"I had the spare car, which went well, as on my race car there had been engine problems since Friday and we changed four of them. After the start I could have overtaken Frentzen and he would not have caught me if I hadn't been forced to brake to avoid a collision in the chicane with the German and Fisichella. Unfortunately with the new cars overtaking is even more difficult. Now we'll make a few changes to the F300 and you'll see that we'll make up for it in no time".
Says Eddie Irvine at the end of the race. And Ross Brawn doesn't seem too worried either:
"We know what to do, McLaren is not far away. The difference between us and them is about half a second. But the F300 has no weaknesses. At the moment we don't have the McLaren system because we were working on other things. But soon we will have it. Unfortunately there was Schumacher's engine problem, almost immediately, and that disappointed us. Irvine, however, drove very well, in his race we saw encouraging signs, we will be able to improve the car as soon as Goodyear also find better solutions for the tyres. We will be competitive within a few races. In my estimation we are half a second behind McLaren, we have to find it between engine, chassis, tyres and aerodynamics. But it's a bridgeable difference. There is no weakness in the car. To understand where you are you have to see where the rivals are. McLaren is very strong and has set a level to be reached. I would have preferred Ferrari to be the point of reference: unfortunately, this is not the case and so we will have to work hard to close the gap".
Visibly disappointed Michael Schumacher, who without the engine explosion could easily have been on the third step of the podium:
"As soon as I set foot on the ground I was very disappointed. To be honest, I expected everything but the engine to break down. After thousands of kilometres I just didn't expect it. Honestly, there is nothing to be happy about. Suddenly I realised that the temperature was rising a lot and shortly after there was a noise, I realised and stopped off the track. I don't know what could have happened, we'll have to see, but I could hazard a guess: the circuit is in a park, there are a lot of trees, it's the end of summer and maybe some leaves have clogged the radiator".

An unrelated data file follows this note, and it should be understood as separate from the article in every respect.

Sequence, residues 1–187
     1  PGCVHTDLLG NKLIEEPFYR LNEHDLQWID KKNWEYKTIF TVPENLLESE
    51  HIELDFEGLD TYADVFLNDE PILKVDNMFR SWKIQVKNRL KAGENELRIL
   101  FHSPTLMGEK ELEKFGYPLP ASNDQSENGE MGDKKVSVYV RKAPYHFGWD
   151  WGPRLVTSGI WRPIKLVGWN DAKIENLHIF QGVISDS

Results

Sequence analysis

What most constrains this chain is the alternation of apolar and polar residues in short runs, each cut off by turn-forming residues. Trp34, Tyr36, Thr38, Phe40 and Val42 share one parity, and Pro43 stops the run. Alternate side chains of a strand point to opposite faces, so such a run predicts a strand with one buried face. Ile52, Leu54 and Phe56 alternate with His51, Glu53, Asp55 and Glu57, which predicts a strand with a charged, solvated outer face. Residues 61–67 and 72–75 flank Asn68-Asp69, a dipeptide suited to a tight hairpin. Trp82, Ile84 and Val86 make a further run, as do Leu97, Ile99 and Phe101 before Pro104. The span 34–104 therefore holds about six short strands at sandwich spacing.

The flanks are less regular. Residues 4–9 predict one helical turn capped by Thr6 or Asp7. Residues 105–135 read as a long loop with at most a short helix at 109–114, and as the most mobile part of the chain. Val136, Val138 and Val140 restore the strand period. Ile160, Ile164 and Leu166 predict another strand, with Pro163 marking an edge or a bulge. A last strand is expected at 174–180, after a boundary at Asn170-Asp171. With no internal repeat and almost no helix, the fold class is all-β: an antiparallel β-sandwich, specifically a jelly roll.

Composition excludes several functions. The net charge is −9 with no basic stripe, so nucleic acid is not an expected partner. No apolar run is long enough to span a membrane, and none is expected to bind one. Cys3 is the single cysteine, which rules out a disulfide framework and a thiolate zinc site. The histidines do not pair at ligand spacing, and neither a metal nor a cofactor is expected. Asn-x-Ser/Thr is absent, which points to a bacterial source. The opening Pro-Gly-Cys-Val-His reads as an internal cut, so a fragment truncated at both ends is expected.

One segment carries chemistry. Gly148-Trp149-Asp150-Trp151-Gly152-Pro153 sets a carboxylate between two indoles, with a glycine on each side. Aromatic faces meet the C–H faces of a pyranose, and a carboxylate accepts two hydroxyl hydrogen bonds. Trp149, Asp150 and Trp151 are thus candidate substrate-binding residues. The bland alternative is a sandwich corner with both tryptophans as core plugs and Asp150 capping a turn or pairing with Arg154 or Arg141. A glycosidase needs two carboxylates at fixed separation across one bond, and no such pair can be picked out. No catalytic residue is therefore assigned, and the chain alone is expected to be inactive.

Hypothesis dispelled by Jean Todt:
"It wasn't a leaf unfortunately. We have to dismantle the engine and analyse the problem in depth. We realised immediately after the start, through telemetry, that the temperatures were too high. Probably waiting a bit too long on the grid before the start didn't do the engine any good. In any case, we're not too worried about this problem, which we don't think is structural".
The French manager goes on to talk about Williams, which he no longer believes to be able to compete with the Maranello cars and McLaren's performance:
"The Williams are no longer our reference point and our main competitor. But you have to be careful: Williams has always had a great ability to react. We were impressed by McLaren's victory. The gap is big, there's nothing to say. They worked harder than us. Schumacher might have been able to close the gap, also because we had planned only one refuelling stop for him and this would have given him an advantage since the others made two and even three. But Schumacher wasn't in the race and so it's pointless to speculate".
This Ferrari is a good car, with great potential, and with the improvements we have planned I'm not pessimistic, we can make up for it because the next circuits have different characteristics. Finally, on the use of the third pedal, the French manager reiterates:
"McLaren's brakes are legal, the FIA has confirmed it and all that's left is for us to build them too, it will take some time but we are already working on it. However, those brakes don't make a difference, it's not them that make you win or lose. I think we can take stock at Imola. For now we will test on Wednesday at Monza with Badoer and the old car, and on Thursday with Irvine. Then from the 16th to the 21st at Mugello for tyre tests".
In the meantime, the day after the race, Mika Hakkinen gives an interesting interview to the journalists in which he defends the work of McLaren and talks about his experience as a driver, starting from the memory of the terrible accident that involved him in Australia, in 1995:
"I was lucky: two serious accidents made me stronger psychologically. It was terrible. In those moments, fractions of a second, the only thing you can do is jump on the brakes and wait to see where and how you are going to crash. But I know that this job involves risks; in every season, for some of us, such situations can come. After being in hospital for a long time in Australia, after hitting my head and having an operation, I wondered if I would still be as competitive as before: I didn't think I could even have serious health problems. Everyone was asking me if I would still be able to go fast. In these cases, even if you don't have them, you get doubts in your mind. It worked out well for me: after that bad period I seem to be stronger psychologically, to be able to cope better with the negative events. We have an incredibly fast and reliable car. David and I have worked hard to take an active part in its conception and construction, and our advice has been listened to by the technicians. Everything, down to the last bolt of the McLaren MP4/13, has been evaluated in great detail. The car is very good and the team is extraordinarily strong. That means I can aim for the world championship. Yes, I think so now. My goal is no longer to win a race, but the title".
Davide Scotto di Vetta